Levi Anderson explained his presence in Port St. Joe, hundreds of miles from his Nebraska home, in straightforward terms.
“I wanted to help the people down here,” said Anderson, a middle-schooler. “I feel good about it.
“This is the service part of Trail Life.”
Trail Life is a father-son faith-based discipleship program and service organization that emphasizes outdoor adventure to develop leadership and character, according to the national organization’s website.
An Omaha, Nebraska chapter arrived this week to provide five days of service to the community, primarily small yard cleanup and debris removal.
To trace the passion that fueled their weekend trip from Nebraska to Port St. Joe, one need only look at the roster of fathers and sons participating in the program.
One last name stands out: Belin.
Phil Belin, grandson of Jake Belin, long-time Port St. Joe Mayor as well as president of the St. Joe Company, and Phil’s son, Simon, are among the six Trail Life scouts and their fathers who made the trip.
“I had the idea pretty much right after (Hurricane Michael) and pitched it to the guys and there was no hesitation at all,” Phil Belin said. “We typically have a summer adventure.
“We figured we would make it a winter adventure this year. Part of our emphasis is service. We thought this was a good opportunity.”
They diverted funds earmarked for their summer adventure as well as camp-outs in January and February to the effort.
A 15-passenger van was donated and St. James Episcopal Church was lined up to put the group up while in Port St. Joe.
The group undertook raising money in earnest, establishing a GoFundMe campaign among other efforts.
“My son just walked up and down the neighborhood seeking donations,” Phil Belin said.
And, finally, the group was connected to Diana Burkett and the Christian Community Development Fund for home projects they could accomplish during the week.
Burkett, of course, had plenty of work and the Trail Life team is only the latest to step up and assist.
Forty Auburn University students just left after a week of projects around the community and this weekend Burkett and CCDF have 40 students from Georgia Tech and 10 from Florida State University coming down.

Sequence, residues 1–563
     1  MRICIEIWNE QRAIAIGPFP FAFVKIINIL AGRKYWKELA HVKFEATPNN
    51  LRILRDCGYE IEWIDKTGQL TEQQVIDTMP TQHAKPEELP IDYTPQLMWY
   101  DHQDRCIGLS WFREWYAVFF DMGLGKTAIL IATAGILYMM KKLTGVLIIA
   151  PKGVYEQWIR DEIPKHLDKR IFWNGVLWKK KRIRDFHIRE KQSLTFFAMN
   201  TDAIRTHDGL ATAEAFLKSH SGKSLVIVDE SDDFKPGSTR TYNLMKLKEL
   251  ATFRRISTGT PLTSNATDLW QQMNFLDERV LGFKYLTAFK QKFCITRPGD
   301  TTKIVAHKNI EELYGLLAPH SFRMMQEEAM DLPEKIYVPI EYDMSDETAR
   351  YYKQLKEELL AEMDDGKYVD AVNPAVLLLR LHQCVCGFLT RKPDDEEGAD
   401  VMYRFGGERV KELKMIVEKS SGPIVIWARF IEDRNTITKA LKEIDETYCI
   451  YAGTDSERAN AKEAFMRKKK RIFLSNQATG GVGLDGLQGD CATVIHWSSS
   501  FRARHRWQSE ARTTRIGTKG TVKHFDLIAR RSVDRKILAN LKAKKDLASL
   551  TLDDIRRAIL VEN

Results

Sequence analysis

“It’s a blessing to have these guys come around,” said James Kennedy, whose yard was getting the cleanup from the Trail Life team on Monday.
“God is still good. He is providing help from so many sources you would not imagine. We are strong in Port St. Joe. We are all working together. We’ll be back on our feet.”
As for those boys from Nebraska, they are enjoying, however briefly, a respite from the wintry, snowy cold back home.
Some of them have never seen the beach or an ocean and time is set aside later this week to pay a visit to the coast.
David Rose figured when they return home there will just be more snow to play in, but the “heat” isn’t so bad for a few days, though he will be glad to go home at the end of the week.
And, Rose added, this campaign to help Port St. Joe would boost his traveling portfolio while allowing him to do good works.
“I like that I can travel to other states,” Rose said. “This is probably the only chance I may get to come to Florida.
“I think it will be a great time and I get to do Kingdom work.”
Phil Belin added that the group hopes to inspire others, inside and outside the community, to provide fuel for recovery.
“We hope is it a shot in the arm to the people in this community,” he said. “As much as anything, we hope it is encouragement, inspiration for others.”
Funds for travel expenses are still needed and 100 percent of all donations go toward the work they will do in Port St. Joe.
“Please pray we will be a blessing for others as we show Jesus’ love for them,” said Jonathan Milligan in the video introduction to the fundraising page.